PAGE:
Panel Makers Differentiating
"Materials matter," said Conrad Burke, GM of DuPont Innovalight, adding that DuPont's pastes, backsheet films, and encapsulants have logged "over five trillion panel hours." Of the roughly 300 million panels installed globally, 150 million of those panels include DuPont materials, according to Burke.
"If you take silicon out of the equation, DuPont is the largest materials supplier." Burke urged the audience to realize that solar is a $100 billion industry at a very important juncture -- and quality is critical. "We cannot afford any more black eyes in this industry," said Burke.
"In a race for survival amongst falling prices ... commoditization should not be at the expense of quality," said the DuPont GM, adding, "We think the industry can grow 20 percent per year, and that the firm had a unique 'inside perspective.'"
He said that DuPont was "seeing a rise in defect rates" at solar sites with encapsulant discoloration, backsheet failure, glass delamination and backsheet delamination. Burke's data showed IRR dropping sharply with just a small reduction in power produced annually.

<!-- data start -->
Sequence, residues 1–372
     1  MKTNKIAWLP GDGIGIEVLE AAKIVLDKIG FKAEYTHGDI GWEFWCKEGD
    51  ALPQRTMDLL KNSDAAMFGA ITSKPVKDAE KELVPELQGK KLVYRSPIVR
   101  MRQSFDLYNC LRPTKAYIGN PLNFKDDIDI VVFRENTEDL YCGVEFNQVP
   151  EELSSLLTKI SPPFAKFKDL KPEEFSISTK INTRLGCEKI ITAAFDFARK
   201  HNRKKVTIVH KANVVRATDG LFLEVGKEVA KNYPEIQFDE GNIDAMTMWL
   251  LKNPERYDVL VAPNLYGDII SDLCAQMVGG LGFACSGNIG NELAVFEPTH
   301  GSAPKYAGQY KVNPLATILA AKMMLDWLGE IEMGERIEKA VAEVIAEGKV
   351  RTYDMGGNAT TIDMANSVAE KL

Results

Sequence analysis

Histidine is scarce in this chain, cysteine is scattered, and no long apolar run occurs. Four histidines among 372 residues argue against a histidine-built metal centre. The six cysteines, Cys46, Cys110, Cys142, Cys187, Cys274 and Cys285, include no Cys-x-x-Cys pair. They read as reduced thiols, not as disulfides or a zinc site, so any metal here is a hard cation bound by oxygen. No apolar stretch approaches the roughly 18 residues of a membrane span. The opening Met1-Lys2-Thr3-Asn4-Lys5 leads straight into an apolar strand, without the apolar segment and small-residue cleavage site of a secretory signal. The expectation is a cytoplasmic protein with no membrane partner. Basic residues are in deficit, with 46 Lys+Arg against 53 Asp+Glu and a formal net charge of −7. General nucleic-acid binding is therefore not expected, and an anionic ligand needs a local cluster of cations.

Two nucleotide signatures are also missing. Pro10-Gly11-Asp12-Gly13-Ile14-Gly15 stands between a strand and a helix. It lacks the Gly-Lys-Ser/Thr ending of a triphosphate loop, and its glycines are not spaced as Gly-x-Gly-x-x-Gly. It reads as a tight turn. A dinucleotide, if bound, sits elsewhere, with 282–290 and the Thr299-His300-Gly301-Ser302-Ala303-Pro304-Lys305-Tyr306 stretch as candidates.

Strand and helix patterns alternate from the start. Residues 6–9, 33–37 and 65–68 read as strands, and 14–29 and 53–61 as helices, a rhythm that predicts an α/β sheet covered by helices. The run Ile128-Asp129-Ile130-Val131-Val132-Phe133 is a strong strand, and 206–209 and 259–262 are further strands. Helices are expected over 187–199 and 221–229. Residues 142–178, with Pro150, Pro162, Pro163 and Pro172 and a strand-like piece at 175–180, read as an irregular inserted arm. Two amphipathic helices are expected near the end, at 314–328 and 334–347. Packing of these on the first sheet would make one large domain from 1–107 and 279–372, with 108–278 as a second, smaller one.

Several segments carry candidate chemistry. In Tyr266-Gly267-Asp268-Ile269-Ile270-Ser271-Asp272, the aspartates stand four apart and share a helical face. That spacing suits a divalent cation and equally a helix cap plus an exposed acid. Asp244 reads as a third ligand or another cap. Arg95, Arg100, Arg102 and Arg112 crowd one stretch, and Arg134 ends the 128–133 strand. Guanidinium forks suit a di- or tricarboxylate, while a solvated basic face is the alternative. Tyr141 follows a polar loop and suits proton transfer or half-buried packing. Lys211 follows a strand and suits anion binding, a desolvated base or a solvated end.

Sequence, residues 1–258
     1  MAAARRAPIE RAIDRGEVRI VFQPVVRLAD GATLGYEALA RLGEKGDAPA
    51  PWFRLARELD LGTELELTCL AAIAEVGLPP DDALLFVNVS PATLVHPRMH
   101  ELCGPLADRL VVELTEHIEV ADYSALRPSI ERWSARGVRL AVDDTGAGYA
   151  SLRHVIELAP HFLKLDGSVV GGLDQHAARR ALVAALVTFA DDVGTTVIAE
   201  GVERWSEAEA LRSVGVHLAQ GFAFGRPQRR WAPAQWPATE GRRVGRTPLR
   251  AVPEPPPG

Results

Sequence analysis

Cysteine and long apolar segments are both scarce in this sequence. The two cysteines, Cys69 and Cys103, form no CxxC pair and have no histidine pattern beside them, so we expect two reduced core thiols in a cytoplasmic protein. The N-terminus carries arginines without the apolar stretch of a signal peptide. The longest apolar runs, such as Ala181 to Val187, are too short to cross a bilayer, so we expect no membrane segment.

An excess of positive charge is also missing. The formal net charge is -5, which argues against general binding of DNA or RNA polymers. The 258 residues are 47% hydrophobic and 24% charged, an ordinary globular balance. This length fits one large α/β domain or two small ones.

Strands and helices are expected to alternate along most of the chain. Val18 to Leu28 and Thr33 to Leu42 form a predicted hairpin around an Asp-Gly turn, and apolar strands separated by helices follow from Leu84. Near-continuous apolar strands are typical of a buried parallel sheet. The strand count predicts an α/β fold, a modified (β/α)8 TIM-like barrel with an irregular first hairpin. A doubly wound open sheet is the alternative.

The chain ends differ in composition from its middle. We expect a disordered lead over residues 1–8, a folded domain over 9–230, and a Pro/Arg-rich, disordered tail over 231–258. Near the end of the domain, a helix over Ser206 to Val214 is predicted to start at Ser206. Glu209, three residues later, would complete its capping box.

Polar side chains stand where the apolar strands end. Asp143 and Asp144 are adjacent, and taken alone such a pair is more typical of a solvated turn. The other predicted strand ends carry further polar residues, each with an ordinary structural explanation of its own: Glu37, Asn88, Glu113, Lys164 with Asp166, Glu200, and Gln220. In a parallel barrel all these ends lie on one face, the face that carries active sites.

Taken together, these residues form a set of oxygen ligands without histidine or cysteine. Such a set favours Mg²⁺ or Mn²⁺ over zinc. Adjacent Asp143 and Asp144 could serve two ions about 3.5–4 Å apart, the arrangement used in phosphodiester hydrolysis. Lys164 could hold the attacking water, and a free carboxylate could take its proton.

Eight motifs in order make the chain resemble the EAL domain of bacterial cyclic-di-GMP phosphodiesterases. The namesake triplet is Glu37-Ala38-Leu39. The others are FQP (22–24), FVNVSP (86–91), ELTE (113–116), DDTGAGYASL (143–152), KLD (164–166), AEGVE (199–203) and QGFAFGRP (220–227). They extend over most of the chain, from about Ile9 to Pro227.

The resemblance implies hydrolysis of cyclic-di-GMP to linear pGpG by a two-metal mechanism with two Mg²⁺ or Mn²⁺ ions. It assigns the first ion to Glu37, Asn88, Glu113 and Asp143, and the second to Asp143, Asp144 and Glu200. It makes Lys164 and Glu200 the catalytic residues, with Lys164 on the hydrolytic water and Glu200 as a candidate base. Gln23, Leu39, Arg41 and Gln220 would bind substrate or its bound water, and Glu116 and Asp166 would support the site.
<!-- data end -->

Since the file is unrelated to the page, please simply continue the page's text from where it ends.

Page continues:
Dan Alcombright of Solon, now part of Microsol, has installed 100 megawatts of solar in the U.S. and 310 megawatts worldwide. Solon, as we recently reported, has designed a solar system meant to trim labor, material, and handling. Modules are frameless, easily interconnected, and on a mounting platform made of lightweight composite material manufactured in partnership with Andersen. Alcombright, with a post-ITC world in mind, said, "This makes solar systems work in more states."
Jonathan Pickering, the President of JA Solar Americas said, "We are at a critical stage -- moving out of the technology-driven phase and transitioning from 100 gigawatts to 1000 gigawatts of installed capacity by 2020. Despite purchasing decisions made primarily on price, the solar industry has to "Stop selling vanilla ice cream. You'll want to check the label if you're going to eat the stuff for the next 25 years."